Why germs thrive on planes— and how to stop them - Raymond Wang
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How do germs spread (and why do they make us sick)?
Germs are found on almost every surface we come in contact with, which makes it incredibly common for our bodies to be exposed to them. But why are some of these germs relatively harmless, while others can be fatal? Yannay Khaikan and Nicole Mideo explore this question by examining germs’ varying modes of transmission.
The surprising reason you feel awful when you’re sick
It starts with a tickle in your throat that becomes a cough. Your muscles begin to ache, you grow irritable, and you lose your appetite. It’s official: you’ve got the flu. It’s logical to assume that this miserable medley of symptoms is the result of the infection coursing through your body — but is that really the case? Marco A. Sotomayor explains what’s actually making you feel sick.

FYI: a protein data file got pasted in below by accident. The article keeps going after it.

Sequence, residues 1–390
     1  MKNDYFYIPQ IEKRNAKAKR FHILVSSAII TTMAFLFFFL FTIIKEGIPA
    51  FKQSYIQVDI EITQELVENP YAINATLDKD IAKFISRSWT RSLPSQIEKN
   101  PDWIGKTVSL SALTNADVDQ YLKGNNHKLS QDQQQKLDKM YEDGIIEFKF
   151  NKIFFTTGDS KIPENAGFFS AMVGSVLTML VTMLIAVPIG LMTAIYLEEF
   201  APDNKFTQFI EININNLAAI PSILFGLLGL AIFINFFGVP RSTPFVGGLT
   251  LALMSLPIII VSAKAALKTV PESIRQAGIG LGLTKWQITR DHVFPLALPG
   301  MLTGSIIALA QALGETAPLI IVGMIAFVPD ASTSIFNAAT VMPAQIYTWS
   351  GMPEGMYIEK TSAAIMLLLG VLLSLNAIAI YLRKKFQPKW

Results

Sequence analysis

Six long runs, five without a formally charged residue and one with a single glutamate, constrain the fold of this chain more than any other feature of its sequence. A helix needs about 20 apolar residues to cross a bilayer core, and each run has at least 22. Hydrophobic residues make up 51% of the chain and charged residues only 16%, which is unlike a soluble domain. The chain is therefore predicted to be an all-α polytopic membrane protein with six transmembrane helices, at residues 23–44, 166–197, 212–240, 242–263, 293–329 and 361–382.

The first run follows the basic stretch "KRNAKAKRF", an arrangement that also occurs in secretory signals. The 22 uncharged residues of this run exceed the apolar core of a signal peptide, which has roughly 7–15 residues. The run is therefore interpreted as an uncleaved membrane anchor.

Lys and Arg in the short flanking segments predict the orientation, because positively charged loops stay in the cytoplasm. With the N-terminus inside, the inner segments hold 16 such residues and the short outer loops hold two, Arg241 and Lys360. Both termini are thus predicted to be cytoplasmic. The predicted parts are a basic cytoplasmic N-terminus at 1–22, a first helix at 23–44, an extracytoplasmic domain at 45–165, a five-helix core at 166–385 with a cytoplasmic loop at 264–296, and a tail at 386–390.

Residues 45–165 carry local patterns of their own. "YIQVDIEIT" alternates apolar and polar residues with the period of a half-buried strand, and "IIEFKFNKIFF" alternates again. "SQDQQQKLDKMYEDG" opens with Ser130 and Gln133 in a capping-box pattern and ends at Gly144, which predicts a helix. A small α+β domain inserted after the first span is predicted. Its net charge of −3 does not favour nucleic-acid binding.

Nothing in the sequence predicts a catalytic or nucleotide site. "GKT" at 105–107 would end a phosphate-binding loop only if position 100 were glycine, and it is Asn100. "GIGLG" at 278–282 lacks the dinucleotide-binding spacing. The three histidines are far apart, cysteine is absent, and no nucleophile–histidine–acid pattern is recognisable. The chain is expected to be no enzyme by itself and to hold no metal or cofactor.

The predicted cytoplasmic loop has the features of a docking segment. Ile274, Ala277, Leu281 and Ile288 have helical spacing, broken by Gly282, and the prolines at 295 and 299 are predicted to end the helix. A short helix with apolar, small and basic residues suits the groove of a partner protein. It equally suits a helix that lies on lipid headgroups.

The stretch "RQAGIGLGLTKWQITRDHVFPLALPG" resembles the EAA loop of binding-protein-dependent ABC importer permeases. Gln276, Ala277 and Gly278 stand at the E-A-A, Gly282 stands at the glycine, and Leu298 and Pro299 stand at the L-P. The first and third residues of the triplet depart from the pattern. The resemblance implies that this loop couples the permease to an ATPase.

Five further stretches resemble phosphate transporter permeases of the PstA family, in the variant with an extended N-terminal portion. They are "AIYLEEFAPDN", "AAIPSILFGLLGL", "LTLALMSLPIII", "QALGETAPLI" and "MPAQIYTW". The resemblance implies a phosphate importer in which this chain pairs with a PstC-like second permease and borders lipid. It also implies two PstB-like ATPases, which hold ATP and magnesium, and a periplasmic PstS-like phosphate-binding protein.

Why do you need to get a flu shot every year?
All year long, researchers at hospitals around the world collect samples from flu patients and send them to top virology experts with one goal: to design the vaccine for the next flu season. But why do we need a new one every year? Vaccines for diseases like mumps and rubella offer a lifetime of protection with two shots early in life; what’s so special about the flu? Melvin Sanicas explains.
How do viruses jump from animals to humans?
At a Maryland country fair in 2017, farmers reported feverish hogs with inflamed eyes and running snouts. While farmers worried about the pigs, the department of health was concerned about a group of sick fairgoers. Soon, 40 of these attendees would be diagnosed with swine flu. How can pathogens from one species infect another, and what makes this jump so dangerous? Ben Longdon explains.
Learning from smallpox: How to eradicate a disease
For most of human history, we have sought to treat and cure diseases. But only in recent decades did it become possible to ensure that a particular disease never threatens humanity again. Julie Garon and Walter A. Orenstein detail how the story of smallpox – the first and only disease to be permanently eliminated – shows how disease eradication can happen, and why it is so difficult to achieve.
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